United States District Court, Middle District of Alabama, Northern Division
JOHN W. TISDALE, JR., Plaintiff,
BLAINE WILSON, et al., Defendants. JOHN W. TISDALE, JR., Plaintiff,
BLAINE WILSON, Defendant.
MEMORANDUM OPINION AND ORDER
W. KEITH WATKINS CHIEF UNITED STATES DISTRICT JUDGE
Before the court is Defendant Blaine Wilson’s motion to dismiss (Doc. # 5) pursuant to Federal Rule of Civil Procedure 12(b)(6). Plaintiff John W. Tisdale, Jr., filed a response in opposition to the motion. (Doc. # 7.) For the reasons that follow, the motion is due to be granted in part and denied in part.
I. JURISDICTION AND VENUE
Subject-matter jurisdiction is proper pursuant to 28 U.S.C. § 1332(a). Personal jurisdiction and venue are not contested.
II. STANDARD OF REVIEW
When evaluating a motion to dismiss pursuant to Federal Rule of Civil Procedure 12(b)(6), the court must take the facts alleged in the complaint as true and construe them in the light most favorable to the plaintiff. Resnick v. AvMed, Inc., 693 F.3d 1317, 1321–22 (11th Cir. 2012). To survive Rule 12(b)(6) scrutiny, “a complaint must contain sufficient factual matter, accepted as true, to ‘state a claim to relief that is plausible on its face.’” Ashcroft v. Iqbal, 556 U.S. 662, 678 (2009) (quoting Bell Atl. Corp. v. Twombly, 550 U.S. 544, 570 (2007)). “[F]acial plausibility” exists “when the plaintiff pleads factual content that allows the court to draw the reasonable inference that the defendant is liable for the misconduct alleged.” Id. (citing Twombly, 550 U.S. at 556).
Plaintiff filed this diversity lawsuit, see § 1332(a), after the court denied his untimely and prejudicial motion for leave to amend the complaint in a previously filed, but related, action. See Tisdale v. Wilson (Tisdale I), No. 12cv837 (M.D. Ala. Feb. 4, 2014) (Order denying motion to amend the complaint for a third time). The claims in this action (Tisdale II) are the claims that Plaintiff was not permitted to assert in Tisdale I in a Third Amended Complaint.
Some background of the pleadings in Tisdale I and Tisdale II is helpful for resolution of Defendant’s motion to dismiss. In the operative Second Amended Complaint, filed June 5, 2013, in Tisdale I, Plaintiff, a real estate developer in Covington County, Alabama, alleges that in August 2012, Defendant Wilson decided to run for mayor of the City of Andalusia, Alabama. During his campaign, at a public meeting Defendant allegedly made false statements about Plaintiff, insinuating that Plaintiff entered into a corrupt deal with the City of Andalusia. The deal, according to Defendant, included the City’s purchase of the Bass Building at a grossly inflated price with a requirement that Plaintiff use one-half of the sale proceeds to renovate the Prestwood Building in Andalusia. But allegedly in exchange for Plaintiff’s support of the incumbent mayor, including the posting of the mayor’s campaign signs on Plaintiff’s properties, the City subsequently overlooked Plaintiff’s failure to make improvements to the Prestwood Building and refrained from enforcing the City’s nuisance laws against Plaintiff. Defendant’s comments at the public meeting resulted in a heated exchange between Plaintiff, Defendant, and the incumbent mayor. Information about this exchange appeared in the Andalusia Star-News in August 2012. Defendant also placed information about it on his Facebook page in August 2012 and made additional similar comments about Plaintiff during a speech given the same month. Parts of the speech were replayed on Defendant’s television station, W40BE, in Andalusia. Plaintiff claims that these statements were false and hurt his professional reputation.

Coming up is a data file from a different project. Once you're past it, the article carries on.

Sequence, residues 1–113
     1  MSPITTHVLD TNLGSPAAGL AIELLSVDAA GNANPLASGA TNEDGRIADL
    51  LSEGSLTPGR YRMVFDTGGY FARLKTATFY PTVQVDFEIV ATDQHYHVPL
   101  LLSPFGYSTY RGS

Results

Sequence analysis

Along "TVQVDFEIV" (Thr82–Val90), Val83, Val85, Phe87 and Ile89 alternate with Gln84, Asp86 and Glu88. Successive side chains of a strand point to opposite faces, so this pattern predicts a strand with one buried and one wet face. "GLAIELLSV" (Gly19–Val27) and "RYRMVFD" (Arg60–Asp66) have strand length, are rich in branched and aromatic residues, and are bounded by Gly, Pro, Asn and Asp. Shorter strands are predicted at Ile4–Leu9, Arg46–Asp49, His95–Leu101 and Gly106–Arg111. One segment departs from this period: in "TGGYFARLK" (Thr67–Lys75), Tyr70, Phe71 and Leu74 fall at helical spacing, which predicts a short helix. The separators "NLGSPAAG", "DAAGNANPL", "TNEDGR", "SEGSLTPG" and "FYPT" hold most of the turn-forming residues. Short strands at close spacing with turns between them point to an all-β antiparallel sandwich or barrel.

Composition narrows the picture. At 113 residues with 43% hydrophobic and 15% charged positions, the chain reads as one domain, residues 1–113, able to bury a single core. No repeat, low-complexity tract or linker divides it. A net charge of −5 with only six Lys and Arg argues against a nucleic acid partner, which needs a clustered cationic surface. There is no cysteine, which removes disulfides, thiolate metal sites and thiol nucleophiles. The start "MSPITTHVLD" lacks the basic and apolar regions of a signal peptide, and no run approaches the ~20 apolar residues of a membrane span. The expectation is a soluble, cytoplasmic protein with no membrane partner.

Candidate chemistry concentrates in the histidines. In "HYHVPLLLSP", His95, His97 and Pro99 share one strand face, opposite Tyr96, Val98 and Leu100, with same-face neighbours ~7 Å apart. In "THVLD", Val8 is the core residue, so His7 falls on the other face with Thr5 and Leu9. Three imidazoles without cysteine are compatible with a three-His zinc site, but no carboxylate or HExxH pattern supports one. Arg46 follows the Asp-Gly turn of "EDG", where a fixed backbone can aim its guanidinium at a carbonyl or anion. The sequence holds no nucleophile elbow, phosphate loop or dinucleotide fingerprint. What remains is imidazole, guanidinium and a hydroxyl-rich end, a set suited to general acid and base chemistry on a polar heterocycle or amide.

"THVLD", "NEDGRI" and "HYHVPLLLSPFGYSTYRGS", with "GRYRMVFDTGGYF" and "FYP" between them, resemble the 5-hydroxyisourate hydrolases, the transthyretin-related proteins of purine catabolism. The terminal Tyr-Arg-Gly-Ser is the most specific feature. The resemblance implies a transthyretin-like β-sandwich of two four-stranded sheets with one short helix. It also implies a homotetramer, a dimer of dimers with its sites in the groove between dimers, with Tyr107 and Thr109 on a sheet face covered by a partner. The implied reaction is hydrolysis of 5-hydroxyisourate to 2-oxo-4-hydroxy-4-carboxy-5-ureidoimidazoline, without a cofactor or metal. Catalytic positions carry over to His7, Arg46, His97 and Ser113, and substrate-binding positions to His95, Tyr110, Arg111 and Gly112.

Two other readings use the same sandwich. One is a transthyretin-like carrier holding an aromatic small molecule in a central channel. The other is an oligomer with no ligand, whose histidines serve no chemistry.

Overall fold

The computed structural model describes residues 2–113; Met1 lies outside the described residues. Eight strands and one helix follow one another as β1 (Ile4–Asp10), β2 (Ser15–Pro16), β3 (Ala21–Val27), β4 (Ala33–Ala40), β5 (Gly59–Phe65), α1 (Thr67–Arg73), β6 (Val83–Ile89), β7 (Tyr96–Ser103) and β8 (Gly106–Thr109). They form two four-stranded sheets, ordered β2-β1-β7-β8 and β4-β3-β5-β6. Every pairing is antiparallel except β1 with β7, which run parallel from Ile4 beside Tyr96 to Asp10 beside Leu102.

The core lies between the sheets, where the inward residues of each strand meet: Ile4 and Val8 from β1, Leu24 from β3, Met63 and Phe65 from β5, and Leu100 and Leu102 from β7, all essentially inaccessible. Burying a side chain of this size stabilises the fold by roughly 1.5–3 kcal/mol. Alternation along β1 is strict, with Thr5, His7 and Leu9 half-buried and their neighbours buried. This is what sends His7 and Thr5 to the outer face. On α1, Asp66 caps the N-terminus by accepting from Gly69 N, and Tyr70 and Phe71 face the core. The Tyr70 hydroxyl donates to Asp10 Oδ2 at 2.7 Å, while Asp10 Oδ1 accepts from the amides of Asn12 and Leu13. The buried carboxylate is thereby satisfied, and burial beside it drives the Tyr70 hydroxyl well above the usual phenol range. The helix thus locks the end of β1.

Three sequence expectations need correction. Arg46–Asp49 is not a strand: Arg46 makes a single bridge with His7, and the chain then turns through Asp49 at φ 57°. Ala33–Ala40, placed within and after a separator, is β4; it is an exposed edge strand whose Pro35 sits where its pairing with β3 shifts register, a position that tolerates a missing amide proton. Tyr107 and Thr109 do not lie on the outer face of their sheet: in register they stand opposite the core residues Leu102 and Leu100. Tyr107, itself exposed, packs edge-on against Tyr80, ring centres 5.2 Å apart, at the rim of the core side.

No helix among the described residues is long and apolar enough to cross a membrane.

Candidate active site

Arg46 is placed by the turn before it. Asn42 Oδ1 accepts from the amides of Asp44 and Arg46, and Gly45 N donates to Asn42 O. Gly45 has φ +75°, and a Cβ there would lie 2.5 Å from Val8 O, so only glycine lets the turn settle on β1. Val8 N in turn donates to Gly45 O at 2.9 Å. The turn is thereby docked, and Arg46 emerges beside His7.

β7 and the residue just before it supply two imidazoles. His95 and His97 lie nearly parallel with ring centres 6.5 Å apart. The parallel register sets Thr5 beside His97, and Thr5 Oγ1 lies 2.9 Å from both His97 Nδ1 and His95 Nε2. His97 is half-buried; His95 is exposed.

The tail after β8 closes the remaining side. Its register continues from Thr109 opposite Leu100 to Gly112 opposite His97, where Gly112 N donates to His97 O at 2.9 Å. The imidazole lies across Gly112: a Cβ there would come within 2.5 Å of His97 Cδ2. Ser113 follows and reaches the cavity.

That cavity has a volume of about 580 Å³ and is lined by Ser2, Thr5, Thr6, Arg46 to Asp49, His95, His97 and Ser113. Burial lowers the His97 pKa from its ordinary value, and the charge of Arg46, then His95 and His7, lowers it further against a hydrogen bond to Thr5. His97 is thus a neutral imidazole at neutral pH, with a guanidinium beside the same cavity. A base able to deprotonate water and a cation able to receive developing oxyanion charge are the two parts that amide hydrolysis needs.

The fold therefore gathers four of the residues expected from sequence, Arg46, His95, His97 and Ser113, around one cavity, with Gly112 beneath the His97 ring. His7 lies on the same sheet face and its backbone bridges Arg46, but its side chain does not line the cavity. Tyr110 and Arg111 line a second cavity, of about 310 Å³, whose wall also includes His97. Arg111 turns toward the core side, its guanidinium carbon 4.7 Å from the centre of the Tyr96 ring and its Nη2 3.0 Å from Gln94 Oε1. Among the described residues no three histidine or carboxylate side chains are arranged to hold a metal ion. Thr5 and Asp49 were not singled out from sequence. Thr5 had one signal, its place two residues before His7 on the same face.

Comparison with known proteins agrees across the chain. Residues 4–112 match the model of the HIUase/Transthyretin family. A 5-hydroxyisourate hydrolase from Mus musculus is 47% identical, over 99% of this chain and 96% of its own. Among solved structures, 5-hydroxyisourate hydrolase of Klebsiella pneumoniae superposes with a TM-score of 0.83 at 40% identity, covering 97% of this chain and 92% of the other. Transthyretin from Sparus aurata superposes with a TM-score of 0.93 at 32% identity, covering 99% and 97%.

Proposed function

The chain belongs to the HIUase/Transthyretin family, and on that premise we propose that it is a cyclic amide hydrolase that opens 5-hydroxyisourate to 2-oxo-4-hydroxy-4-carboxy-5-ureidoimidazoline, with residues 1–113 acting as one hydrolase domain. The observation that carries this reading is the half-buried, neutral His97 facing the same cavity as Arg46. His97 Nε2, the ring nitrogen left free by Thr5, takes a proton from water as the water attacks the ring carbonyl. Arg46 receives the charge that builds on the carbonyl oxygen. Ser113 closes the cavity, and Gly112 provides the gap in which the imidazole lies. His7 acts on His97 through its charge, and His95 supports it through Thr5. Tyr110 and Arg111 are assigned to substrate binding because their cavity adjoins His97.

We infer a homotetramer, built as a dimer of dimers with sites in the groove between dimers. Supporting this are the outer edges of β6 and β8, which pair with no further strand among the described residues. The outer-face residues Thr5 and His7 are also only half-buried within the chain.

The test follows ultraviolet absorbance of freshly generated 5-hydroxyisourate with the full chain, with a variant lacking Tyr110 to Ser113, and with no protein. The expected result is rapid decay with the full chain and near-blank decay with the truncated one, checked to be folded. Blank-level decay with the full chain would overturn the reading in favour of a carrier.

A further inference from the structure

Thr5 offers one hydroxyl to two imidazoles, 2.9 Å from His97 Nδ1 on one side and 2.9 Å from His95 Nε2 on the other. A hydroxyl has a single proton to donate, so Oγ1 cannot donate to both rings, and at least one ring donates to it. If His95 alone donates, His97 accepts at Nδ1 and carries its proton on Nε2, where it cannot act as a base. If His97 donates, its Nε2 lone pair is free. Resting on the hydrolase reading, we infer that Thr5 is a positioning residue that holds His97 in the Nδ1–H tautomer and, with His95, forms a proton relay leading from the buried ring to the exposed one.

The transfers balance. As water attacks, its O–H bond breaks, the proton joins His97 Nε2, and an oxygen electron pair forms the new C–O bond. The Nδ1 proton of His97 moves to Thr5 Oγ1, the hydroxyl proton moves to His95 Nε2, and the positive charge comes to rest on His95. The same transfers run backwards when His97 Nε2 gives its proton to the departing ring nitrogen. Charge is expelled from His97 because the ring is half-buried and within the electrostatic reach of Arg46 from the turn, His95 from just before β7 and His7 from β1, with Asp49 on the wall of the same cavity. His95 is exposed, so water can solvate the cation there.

In Tisdale II, filed on April 11, 2014, Plaintiff goes back in time to June and July 2012, alleging that Defendant Wilson “began making defamatory comments about [him] and his properties on Facebook before numerous viewers.” (Compl. ¶ 9.) Those comments concerned a deal between the City and Plaintiff for an exchange of properties for the purpose of the City’s development of an entertainment district. Defendant’s insinuation again was that Plaintiff and the City were in cahoots, that Plaintiff was making a sizeable profit at the expense of the City, and that the City continued to overlook enforcement of nuisance laws against Plaintiff. In Tisdale II, Plaintiff also fast forwards to January 2013 and September 2013, when Defendant allegedly posted negative comments on his Facebook page about other property Plaintiff owned. In the January post, Defendant called Plaintiff a “greedy soul” in connection with Plaintiff’s alleged overpricing of lots in a subdivision he developed in Andalusia, and in the September post, Defendant called Plaintiff a “bastard” and falsely accused Plaintiff of not paying workers’ compensation benefits that were owed. (Compl. ¶¶ 20, 21.) Plaintiff also makes other allegations that in November 2013, a state employee, who is Defendant’s “close friend, ” removed signs from Plaintiff’s property in Andalusia and that Defendant watched from a distance in a parked car. (Compl. ¶¶ 39–41.)
The causes of action in Tisdale I and II are the same. They are state-law causes for defamation, intentional interference with business relations, and wantonness. Plaintiff and Defendant also are parties in both actions. Tisdale I includes an additional Defendant, Three Notch Communications, LLC, which operates a local radio and television station in Andalusia, and is owned by Defendant Wilson.
Defendant argues, first, that Plaintiff has filed this lawsuit “to harass Defendant . . . in a blatant attempt to circumvent the parallel proceedings” and contends that dismissal is appropriate to prevent Plaintiff “from pursuing this multiplicative and vexatious litigation.” (Doc. # 5, at 1–2.) Alternatively, Defendant moves for dismissal for failure to state a claim upon ...